Economics Headlines for the Week: 1/24/2011
Economics headlines from this week’s news, blogs, and op-eds.
I’d like to apologize to my regular readers and subscribers for not posting this on Monday as I was traveling this weekend. Generally, these are posted on Monday mornings and in the future I’ll try to be more consistent.
To see the week’s economics headlines click here:
Does it tell us anything that a post-Soviet country is reacting to the push for austerity with more political vigor than most western European countries and the United States? In my personal opinion, this is a fitting metaphor for what austerity advocates are forcing on their economies. Note: You can find videos of this act of protest online, but I wouldn’t recommend it.
While the tone of this article is a bit hostile for a policy piece, I have to recommend it on the basis that it makes an extremely important and valid point… Austerity has a terrible track record historically, and has led to some of the most horrific economic and political consequences of any economic ideology. The end of Weimar Germany anyone?
This article makes the point that historically pensions funds have proven a stable means of paying out benefits to employees, and that what has occurred during the recession is an anomaly rather than being due to overly generous plans.
Here are my thoughts: Remember how everyone’s 401k savings went down the hole during the recession? Well, that pretty much accounts for what happened to government pensions. So the argument being put forth these days that overly generous benefits are to blame is a bit rich, especially when you consider the banks all got a bailout so they could recoup their losses and keep operating while pensions funds did not. Also, most pension funds mandate a certain percentage of investments be in highly rated assets (such as those falsely rated mortgaged backed securities that were at the heart of the recession), so that they could hedge against risky investments declining in value. This means that their safety-net was actually a liability. Further most funds have stop-loss type policies to minimize damage to the principal holding necessary to pay out benefits, this means when the market drops as a whole (as it does in recessionary times) these funds are forced to take significant losses.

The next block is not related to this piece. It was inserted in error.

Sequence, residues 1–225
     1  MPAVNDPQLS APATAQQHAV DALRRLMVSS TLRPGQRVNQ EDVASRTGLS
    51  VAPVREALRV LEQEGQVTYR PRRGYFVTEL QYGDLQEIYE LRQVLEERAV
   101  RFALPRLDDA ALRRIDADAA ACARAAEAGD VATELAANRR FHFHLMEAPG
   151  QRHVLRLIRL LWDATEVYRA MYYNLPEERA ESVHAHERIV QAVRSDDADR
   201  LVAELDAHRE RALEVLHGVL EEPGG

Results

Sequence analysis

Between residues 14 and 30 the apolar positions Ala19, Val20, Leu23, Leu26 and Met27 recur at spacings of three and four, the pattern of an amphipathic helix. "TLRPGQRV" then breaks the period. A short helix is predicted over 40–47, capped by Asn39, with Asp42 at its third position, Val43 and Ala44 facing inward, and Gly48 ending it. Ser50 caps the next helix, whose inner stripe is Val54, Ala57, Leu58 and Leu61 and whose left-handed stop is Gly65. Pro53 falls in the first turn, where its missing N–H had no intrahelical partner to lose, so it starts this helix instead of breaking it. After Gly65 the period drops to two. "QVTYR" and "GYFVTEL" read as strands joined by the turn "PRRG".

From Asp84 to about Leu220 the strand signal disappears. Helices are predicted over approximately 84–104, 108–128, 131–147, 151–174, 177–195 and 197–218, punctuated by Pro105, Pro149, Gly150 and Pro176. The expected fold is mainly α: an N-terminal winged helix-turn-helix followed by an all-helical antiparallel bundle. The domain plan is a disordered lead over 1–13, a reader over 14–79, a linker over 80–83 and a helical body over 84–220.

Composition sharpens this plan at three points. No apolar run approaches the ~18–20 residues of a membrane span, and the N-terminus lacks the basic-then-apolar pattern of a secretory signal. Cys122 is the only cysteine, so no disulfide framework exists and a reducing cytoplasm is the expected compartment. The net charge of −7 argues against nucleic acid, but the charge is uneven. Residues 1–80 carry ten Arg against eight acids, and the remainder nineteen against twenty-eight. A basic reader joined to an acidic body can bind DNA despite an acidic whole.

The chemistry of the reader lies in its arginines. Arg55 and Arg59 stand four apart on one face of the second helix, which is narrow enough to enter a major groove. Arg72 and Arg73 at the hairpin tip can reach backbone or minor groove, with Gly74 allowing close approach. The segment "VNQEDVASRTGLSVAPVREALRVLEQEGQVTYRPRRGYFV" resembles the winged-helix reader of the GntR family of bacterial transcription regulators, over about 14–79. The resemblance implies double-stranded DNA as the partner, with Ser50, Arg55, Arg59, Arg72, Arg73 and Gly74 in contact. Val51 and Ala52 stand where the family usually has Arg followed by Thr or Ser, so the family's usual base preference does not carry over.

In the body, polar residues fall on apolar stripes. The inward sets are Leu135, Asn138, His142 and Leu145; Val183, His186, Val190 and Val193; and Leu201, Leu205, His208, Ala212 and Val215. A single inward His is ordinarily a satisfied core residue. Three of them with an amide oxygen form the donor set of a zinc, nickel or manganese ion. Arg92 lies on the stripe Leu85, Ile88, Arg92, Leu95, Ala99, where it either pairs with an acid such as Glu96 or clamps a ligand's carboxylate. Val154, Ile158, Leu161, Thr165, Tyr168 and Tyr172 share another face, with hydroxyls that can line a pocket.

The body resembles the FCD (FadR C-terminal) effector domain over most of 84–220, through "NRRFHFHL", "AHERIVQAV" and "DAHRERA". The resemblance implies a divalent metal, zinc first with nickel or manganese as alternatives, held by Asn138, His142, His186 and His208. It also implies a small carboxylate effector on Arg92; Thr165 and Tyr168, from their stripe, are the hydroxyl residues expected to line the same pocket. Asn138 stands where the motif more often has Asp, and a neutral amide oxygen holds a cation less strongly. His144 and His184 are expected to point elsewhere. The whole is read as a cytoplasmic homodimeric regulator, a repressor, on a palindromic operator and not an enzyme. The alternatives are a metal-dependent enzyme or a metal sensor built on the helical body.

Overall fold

A sound piece by the President of the United States on the challenges and benefits of running an efficient regulatory system for the economy.
Basically this piece is similar to the pension piece above. Historically states have been very good at balancing their budgets (including wages and benefits for state-employees). Their current fiscal problem is a temporary one, the current recession has contracted large portions of the tax base which states use to fund operations. The problem with this piece is that the point is so obvious it basically shows that the bias of modern news reporting is so deep that you cannot read about any economic policies without getting a mouthful of B.S. (provided that’s what is in the interest of those who have political/ideological sway). In this case conservatives and business interests have been pushing for States’ rights to bankruptcies so that they can do away with government services as well as public employee unions and pensions, rather than simply raise taxes slightly to bring revenues back to where they were before the crisis or institute a federal bailout program for states as was done for the banks. I guess states aren’t too big to fail? Now some states may have been a bit irresponsible, California comes to mind, however most of the irresponsibility ironically comes from tax cuts that were enacted when the economy was strong which resulted in revenues being more fragile than they should have been during the downturn.
It’s always nice when a Nobel Prize winner sees the same things you do. I referenced this scheming in my Economics Headlines post last week.
Good news, the IRS is stepping up its tax enforcement and trying to catch people who don’t want to pay for government services. The bad news, these people are mostly small fish compared to the corporations and truly rich who also don’t want to pay but have better accountants.